I had the wonderful opportunity to help my Dad with a collection of endearing stories that we put together in a short manuscript titled “When I was Kid”, a memoir, if you will. Siblings had been bracing him for a while to produce it, for many reasons. Last year, around June or July, he decided he was going to finally do it, get it done, and distribute it to my brother and sisters for Christmas.
I have previously mentioned that Dad was not well. He had diabetes, insulin dependent and prostate cancer, diagnosed as terminal in May of 2008. I was fortunate enough to be around to help them, as needed. (I would submit to you that your life can take a new slant when you have had a discussion with your father’s oncologist about issues of “co-morbidity”.) Dad had a fairly advanced neuropathy condition and couldn’t write very legibly at all; a circumstance that he personally struggled with regularly. He and Mom had a small microcassette recorder and I had a small digital recorder, so, despite some operational technical difficulties we managed to get into a rhythm of sorts in producing this story of his childhood. We would swap recorders or tapes and I would bring them home and transcribe what he had dictated. In short, this process was something that is hard to describe. We laughed, we cried, it was frustrating at times and heartwarming in other times. Ultimately the piece was produced, bound and sent out in time enough to get under everyone’s Christmas trees.
Long story short (I promise, I am getting to the recipe…), in one of the sections of this piece Dad spoke fondly of family meals, particularly during the holidays when everyone got together. In an excerpt from the section about some of his relatives, he says:
“My Aunt Abby and Uncle Fred got along very well with my parents. This group of relatives would always have holiday dinners with each other, taking turns as to whose house was hosting. Whose turn is it; it’s your turn, and so forth. No one ever ate alone on the holidays. Thanksgiving, Christmas, and New Year; they all took turns celebrating. It was great, I’ll tell you…we had great times. After the meals they would break out the cards and they played for hours.”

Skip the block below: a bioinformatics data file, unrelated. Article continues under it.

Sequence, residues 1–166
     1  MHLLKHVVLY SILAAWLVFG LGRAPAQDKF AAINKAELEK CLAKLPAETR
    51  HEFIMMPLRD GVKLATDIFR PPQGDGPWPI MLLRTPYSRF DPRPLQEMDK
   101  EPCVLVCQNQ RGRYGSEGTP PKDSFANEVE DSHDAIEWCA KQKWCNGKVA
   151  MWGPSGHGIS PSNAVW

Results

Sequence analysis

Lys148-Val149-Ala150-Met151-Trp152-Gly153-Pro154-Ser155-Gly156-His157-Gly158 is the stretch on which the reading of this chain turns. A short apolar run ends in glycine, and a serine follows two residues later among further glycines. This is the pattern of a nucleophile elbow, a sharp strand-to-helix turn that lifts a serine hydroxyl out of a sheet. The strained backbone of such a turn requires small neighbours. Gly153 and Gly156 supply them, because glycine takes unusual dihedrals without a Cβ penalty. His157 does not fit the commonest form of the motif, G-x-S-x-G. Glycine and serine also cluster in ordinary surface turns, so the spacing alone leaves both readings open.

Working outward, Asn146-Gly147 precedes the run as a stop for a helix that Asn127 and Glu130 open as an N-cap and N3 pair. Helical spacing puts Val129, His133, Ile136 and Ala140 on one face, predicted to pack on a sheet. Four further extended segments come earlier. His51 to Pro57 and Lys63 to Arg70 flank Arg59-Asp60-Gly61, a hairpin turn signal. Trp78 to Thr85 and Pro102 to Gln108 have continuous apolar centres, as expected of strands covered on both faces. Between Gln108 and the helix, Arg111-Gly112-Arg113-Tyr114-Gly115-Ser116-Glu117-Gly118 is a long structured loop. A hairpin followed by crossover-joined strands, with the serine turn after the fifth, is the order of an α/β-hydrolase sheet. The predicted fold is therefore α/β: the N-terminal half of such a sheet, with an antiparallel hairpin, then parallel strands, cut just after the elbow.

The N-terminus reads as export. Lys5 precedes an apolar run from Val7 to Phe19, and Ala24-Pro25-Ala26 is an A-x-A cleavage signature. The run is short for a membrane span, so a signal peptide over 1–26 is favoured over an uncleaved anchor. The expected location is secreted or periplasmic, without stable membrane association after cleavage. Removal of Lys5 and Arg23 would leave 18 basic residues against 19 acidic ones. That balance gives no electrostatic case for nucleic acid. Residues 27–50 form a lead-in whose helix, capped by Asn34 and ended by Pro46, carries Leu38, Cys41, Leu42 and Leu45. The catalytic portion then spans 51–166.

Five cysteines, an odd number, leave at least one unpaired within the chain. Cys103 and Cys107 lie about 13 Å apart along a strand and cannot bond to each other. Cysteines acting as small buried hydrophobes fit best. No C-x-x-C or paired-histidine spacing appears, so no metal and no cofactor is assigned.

There may be numerous times that I will refer to this document to describe what I consider to be the foundation for how I was raised and the importance of how our family got together on holidays and for parties. There is strong tie to this and the foods associated with these gatherings and celebrations. Numerous “favorite” dishes, shared and consumed with friends and loved ones…comfort foods? You bet!
Please find below one of my all-time favorites. When we were growing up, we could request (within reason) whatever we wanted for our birthday dinners and I remember that this dish was ordered by me frequently. It was originally provided to my Mom from Dad’s Mom and has been in the family for years…
Hungarian Goulash (Margaret Emma Swartfegger)
Dredge (lightly coat in flour) and brown in 4 tbsp. fat (Vegetable Oil, or Olive Oil will do):
2 lbs. beef cubes
Add and brown:
1 cup sliced onions
1 clove finely minced garlic
¾ cup catsup
2 ¼ tbsp. Worcestershire sauce
1 tsp. (cider) vinegar
1 tbsp. brown sugar
½ tsp. paprika
1 tsp. dry mustard
2 tsp. salt
Dash of red pepper
3 cups of water
Thicken with 2 tbsp. of flour mixed with a ¼ cup of water
Cook and simmer for 2 ½ hours
Serve over noodles (wide, or extra wide egg noodles are the preference)